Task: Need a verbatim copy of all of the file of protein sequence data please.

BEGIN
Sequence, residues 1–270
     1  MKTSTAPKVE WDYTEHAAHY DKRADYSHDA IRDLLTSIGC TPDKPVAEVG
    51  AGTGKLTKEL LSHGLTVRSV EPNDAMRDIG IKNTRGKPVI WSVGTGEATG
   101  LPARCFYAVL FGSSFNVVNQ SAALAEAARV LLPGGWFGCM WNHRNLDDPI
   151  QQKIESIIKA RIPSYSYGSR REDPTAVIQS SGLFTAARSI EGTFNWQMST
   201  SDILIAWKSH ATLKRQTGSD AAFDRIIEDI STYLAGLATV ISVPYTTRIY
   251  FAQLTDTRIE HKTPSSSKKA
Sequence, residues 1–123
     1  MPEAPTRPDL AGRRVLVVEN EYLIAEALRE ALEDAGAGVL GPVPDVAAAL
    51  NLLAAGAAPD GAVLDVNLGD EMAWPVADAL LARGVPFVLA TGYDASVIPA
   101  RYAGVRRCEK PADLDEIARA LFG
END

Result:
Sequence, residues 1–270
     1  MKTSTAPKVE WDYTEHAAHY DKRADYSHDA IRDLLTSIGC TPDKPVAEVG
    51  AGTGKLTKEL LSHGLTVRSV EPNDAMRDIG IKNTRGKPVI WSVGTGEATG
   101  LPARCFYAVL FGSSFNVVNQ SAALAEAARV LLPGGWFGCM WNHRNLDDPI
   151  QQKIESIIKA RIPSYSYGSR REDPTAVIQS SGLFTAARSI EGTFNWQMST
   201  SDILIAWKSH ATLKRQTGSD AAFDRIIEDI STYLAGLATV ISVPYTTRIY
   251  FAQLTDTRIE HKTPSSSKKA
Sequence, residues 1–123
     1  MPEAPTRPDL AGRRVLVVEN EYLIAEALRE ALEDAGAGVL GPVPDVAAAL
    51  NLLAAGAAPD GAVLDVNLGD EMAWPVADAL LARGVPFVLA TGYDASVIPA
   101  RYAGVRRCEK PADLDEIARA LFG